Ingredients to a successful relationship? To love? Good sex, according to thirty-something and single Melanie Leon who cannot seem to make the leap of commitment and instead relies on the “friends with benefits” approach… until she meets police officer James Perolo in T. A. Pace’s The Opposite of Love. As witness to a tragic car accident resulting in the death of an infant, Melanie recounts the impressionable details to Perolo who follows up with a phone call offering some emotional consolation that leads to a first date.
In the wake of overcoming the toll of the accident, a relationship is on the horizon for Melanie, a real estate consultant who is no stranger to attraction and who finds herself overwhelmed with Perolo’s ability to physically satisfy her. On a racy thrill ride through Las Vegas where “what happens in Vegas stays in Vegas,” Melanie seems to send her inhibitions on a vacation. A little gentle coercing by James leads her to participate in some sexual escapades at The Green Door where she is liberated in secret, or so she believes.
As her friends and family question the validity of the recent connection she has found with James and haunting memories of her father’s death, Melanie begins to explore her own reticence over relying on a man who possesses a power over her that she cannot deny or refute, especially in the bedroom. And despite the chemistry, there is a resonating disquietude; each harbors a poignant secret that seems to cast a shadow over their future together.
Pace’s book has Erica Jong stamped all over it in its candor of female sexuality and how it factors into the psychology of relationships. Intimate moments abound in a story that challenges the limits people can defy in discovering what love is, only to recognize it is the opposite of that.
When 37-year-old Melanie is challenged to find a mate by her overbearing mother, she finds herself in a relationship that pushes her sexual boundaries, and in a place like Sin City, that can be a precarious ride.
An homage to Erica Jong’s Any Woman’s Blues, The Opposite of Love is a psychological/sexual ride through Las Vegas and its local sex scene as experienced by two lovers who will test each other’s ability to accept them as they are, as well as their own ability to accept themselves.
Excerpt from the Book
James arrived at Melanie’s door promptly at seven-thirty wearing a suit and carrying a bouquet of flowers. Melanie opened the door in a burgundy chiffon gown that draped modestly in front and dramatically in back, with a slit up to her mid-thigh on one side. She spun in a circle, modeling for him, and he let out a low growl in sincere approval. Without a single strap holding it in place, it seemed like the dress could just slide right off of her shoulders. The thought made his dick pulse.
“That is some dress, babe.”
“Glad you like it,” she said. Then, nodding at the flowers, “For me?”
“Who else?” He handed them over with a kiss on the cheek.
He’d had his truck washed and waxed and when he opened the door she climbed in gracefully, her leg sliding out of the open slit in her dress, then sliding back in before he closed the door. That visual image reminded him of what he’d be doing to her later.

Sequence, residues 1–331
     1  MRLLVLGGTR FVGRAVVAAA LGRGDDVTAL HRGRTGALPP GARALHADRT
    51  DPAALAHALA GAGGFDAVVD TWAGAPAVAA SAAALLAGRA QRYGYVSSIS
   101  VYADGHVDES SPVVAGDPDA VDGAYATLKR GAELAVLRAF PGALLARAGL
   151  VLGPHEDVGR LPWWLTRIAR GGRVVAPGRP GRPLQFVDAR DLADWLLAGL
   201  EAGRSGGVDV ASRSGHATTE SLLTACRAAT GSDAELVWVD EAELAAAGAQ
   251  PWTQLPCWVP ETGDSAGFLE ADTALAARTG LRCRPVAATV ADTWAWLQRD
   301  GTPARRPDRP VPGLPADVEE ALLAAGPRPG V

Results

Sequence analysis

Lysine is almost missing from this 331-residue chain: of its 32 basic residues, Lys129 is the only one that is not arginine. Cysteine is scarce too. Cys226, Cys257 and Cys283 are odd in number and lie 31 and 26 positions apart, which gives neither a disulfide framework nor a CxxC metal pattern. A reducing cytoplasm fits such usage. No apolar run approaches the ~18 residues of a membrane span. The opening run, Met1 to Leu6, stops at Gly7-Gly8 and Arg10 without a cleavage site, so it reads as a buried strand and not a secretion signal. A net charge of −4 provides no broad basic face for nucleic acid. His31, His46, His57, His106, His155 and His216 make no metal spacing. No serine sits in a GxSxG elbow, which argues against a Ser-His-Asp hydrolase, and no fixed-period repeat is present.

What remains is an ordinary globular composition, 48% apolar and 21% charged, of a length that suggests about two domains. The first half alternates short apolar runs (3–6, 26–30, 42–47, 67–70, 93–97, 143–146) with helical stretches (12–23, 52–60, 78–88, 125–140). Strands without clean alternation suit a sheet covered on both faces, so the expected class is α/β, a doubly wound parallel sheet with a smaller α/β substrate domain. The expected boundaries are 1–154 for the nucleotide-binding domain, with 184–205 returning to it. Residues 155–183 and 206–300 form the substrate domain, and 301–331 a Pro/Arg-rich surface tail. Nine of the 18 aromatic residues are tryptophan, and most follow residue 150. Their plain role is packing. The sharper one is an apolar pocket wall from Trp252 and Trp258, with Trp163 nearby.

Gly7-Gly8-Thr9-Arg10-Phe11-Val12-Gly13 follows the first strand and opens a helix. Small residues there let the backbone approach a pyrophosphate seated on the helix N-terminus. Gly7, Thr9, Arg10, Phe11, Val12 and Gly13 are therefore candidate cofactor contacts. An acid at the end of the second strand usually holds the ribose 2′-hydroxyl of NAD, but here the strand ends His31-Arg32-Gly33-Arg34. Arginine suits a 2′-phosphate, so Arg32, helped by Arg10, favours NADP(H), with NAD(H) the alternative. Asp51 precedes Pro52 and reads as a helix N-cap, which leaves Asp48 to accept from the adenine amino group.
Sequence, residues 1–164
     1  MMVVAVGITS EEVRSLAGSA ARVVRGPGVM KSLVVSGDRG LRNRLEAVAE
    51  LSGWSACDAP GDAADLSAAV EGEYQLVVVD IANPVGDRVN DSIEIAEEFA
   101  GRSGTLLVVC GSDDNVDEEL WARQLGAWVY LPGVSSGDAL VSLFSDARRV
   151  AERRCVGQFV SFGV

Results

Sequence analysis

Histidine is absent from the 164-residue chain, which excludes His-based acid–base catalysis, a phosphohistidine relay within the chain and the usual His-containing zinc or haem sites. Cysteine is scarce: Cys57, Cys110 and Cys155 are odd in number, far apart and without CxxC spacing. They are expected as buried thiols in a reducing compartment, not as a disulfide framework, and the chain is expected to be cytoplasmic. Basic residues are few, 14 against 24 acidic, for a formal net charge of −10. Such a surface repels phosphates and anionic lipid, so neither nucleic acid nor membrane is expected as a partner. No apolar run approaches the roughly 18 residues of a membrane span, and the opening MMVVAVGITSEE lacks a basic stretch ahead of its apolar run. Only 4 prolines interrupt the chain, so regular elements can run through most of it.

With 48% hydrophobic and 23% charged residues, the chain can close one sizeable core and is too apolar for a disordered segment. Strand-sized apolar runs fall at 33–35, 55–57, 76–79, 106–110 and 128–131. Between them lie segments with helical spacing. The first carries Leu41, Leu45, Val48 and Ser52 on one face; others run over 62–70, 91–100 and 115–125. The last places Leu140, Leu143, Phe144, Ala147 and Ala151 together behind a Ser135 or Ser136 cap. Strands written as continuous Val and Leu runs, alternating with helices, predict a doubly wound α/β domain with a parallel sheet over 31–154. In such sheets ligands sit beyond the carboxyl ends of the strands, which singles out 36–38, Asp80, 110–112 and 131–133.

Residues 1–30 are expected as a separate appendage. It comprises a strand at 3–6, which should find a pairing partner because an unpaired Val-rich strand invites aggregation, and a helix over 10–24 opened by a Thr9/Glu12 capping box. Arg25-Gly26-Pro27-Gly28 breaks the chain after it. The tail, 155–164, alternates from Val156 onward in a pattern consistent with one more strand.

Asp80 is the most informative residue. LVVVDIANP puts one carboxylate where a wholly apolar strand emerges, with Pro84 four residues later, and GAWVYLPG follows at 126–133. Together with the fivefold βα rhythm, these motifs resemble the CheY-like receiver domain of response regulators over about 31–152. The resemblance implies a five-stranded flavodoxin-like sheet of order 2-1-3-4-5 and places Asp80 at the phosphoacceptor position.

James didn’t always bring a date to the policemen’s ball. The last time he had was three years before and his date had worn a short, silver sequined dress with porn-star cleavage and platform heels that looked like they’d just fallen off a pole dancer. She’d had too much to drink and giggled at everything anyone said. Did she make his dick hard? Sure. But she looked like she was paid for, and that didn’t help his image with the higher-ups. Melanie was the kind of woman who could be sexy without being trashy and manage interesting conversation and drinking without being silly or embarrassing him. She was the kind of date who could help him get promoted.
It was August and monsoon season was at its worst. Almost daily, black storm clouds materialized over the valley, looming like dark ghosts, dropping an inch of rain and hundreds of lightning strikes in the matter of an hour, downing trees and power lines and causing flash floods before moving on and leaving the residents feeling vaguely assaulted. But worse, the air had become the one thing locals couldn’t tolerate: sticky. Even humidity of thirty percent was likely to have a Las Vegan mopping his forehead and complaining of swampy weather.
They valet parked, and once inside the casino, they were safe. No matter the weather outside, the air-conditioned wombs of the casinos were always mild and dry. As they crossed the casino floor heading toward the banquet hall, men playing blackjack and craps twisted their heads around and leaned back from their tables to get a look at Melanie. With her high heels she was still about two inches shorter than James, but the way she held herself made her appear statuesque. She didn’t have bombshell curves, but her femininity was palpable and what curves she had were classy. She held her head high and kept her arm threaded through his as they walked. James tried to remember ever feeling so proud to have a woman on his arm, and couldn’t. The thought made him a little nervous, but more than anything, he felt like the man. His colleagues would be insane with jealousy and insatiable with questions.